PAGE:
It’s time for some water and a coffee. Emma adds a suco do manga (fresh mango juice, which is everywhere). The crowds at the top aren’t too bad. The cable car regulates the flow a little bit I guess. We queue up for the second cable car to the higher peak and again love the view.
It is hot though. A woman offers to take our picture but the girls have scurried off into the shade. Lily has her downtrodden look. She is the youngest, but she also gets discouraged and frustrated with any difficulty. And the heat is real difficulty. I find it withering.
Thinking ahead to tomorrow, I’m wondering how we are going to do Christ the Redeemer. There are internet tickets, but that only eliminates one of the lines. There is still the other ones. And if it’s this hot, it could be brutal. Worse, it is frequently cloud covered, which ruins it entirely. I’m not going there for a 100 foot art deco statue of Jesus.
“Girls – how about we do a Helicopter ride.” Emma answers “I wouldn’t say ‘no'” in her best I-totally-want-this-but-i’m-a-cool-teen-and-I-can’t-show-any-enthusiasm voice. Lily shouts ‘yeah!”
We’ve done helicopters in a few places, and they are frigging expensive. This would be our fifth: New York, Grand Canyon, Niagra Falls, Capetown plus microflights in Angor Wat and Dunhuang, China, a tiny plane in Peru over the Nazca lines and a hot air balloon in Costa Rica. The microflights are thrilling, and the hot air balloon majestic, but helicopters are the best. As important as it is to get inside and down deep to see the detail, there is nothing like seeing a place from the air.
This trip has been expensive, much more than I wanted. Hotels are pricey at New Years and we didn’t get frequent flyer tickets. So I was hesitant to go over my budget, but decide it’s better to fly around Christ the Redeemer than try to deal with that line over a holiday weekend in Rio. I pay $650 for the three of us, and they give us a small safety brochure and send us down the stairs and on to the helicopter platform.
We have the helicopter to ourselves and Lily gets the front seat! And we take off Sugarloaf mountain and are immediately in a dreamlike floating experience over this amazing city. They fly over Copacabana beach first, then Ipanema, over the Botanical garden and lake, then a few circles around Christ Redeemer before going back over Botofogo and Flamengo. I was inspired to slap together this video.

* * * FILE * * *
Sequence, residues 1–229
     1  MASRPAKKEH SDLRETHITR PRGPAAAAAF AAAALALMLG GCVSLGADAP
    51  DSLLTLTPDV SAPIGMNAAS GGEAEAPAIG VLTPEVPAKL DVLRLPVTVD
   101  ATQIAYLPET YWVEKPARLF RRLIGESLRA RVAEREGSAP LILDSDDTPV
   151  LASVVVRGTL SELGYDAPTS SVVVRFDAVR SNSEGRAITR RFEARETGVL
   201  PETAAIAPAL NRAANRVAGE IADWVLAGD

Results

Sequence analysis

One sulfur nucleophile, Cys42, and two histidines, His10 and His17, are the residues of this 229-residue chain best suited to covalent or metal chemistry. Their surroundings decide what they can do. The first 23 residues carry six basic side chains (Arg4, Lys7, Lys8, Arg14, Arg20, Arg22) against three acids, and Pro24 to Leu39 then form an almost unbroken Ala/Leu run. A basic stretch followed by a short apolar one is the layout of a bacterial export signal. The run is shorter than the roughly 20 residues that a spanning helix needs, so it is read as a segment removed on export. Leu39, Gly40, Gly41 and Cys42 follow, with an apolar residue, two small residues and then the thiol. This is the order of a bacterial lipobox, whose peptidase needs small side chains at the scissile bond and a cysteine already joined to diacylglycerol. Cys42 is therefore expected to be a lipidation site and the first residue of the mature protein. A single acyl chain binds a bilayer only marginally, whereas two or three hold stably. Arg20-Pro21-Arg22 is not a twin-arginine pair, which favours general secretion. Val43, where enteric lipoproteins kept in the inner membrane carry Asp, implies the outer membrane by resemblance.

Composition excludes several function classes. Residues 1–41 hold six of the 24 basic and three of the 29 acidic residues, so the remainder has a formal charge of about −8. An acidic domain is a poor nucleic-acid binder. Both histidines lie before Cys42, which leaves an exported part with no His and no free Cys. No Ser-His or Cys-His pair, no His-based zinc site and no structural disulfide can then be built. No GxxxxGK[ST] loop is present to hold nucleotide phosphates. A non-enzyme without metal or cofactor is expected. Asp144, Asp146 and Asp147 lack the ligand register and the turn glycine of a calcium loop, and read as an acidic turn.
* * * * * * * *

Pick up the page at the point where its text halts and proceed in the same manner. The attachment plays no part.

Rio was the capital of Brazil until 1960 when they moved it to Brasilia, which remains the administrative center. Sao Paulo is the bigger city by double but Rio is the imagination of the country. It’s reputation for partying, art, Carnival and samba and tourism is unrivaled in South America, much less Brazil. It’s easy to see how one could fall in love with this city. (Crime, drugs and poverty remain a huge issue though.)
As we fly around the Christ and I see little people jammed on the platform, I’m psyched that we won’t be going up there. I’ll have to find something else to do tomorrow, but after this, anything will be fine.
And we circle back across the beaches and downtown Rio to the sugarloaf mountain platform to touch down. It may be a 15 minute flight, but it’s so exhilarating it seems like longer. I have never been sad I chose to do a helicopter tour.
After that there is little left to see from the cable car, so we head down. The lines are even longer. We hop in a cab and head to the beach! The rest of our day is waves, a little food and probably a nap.
The flight was so amazing that I made a video! Enjoy.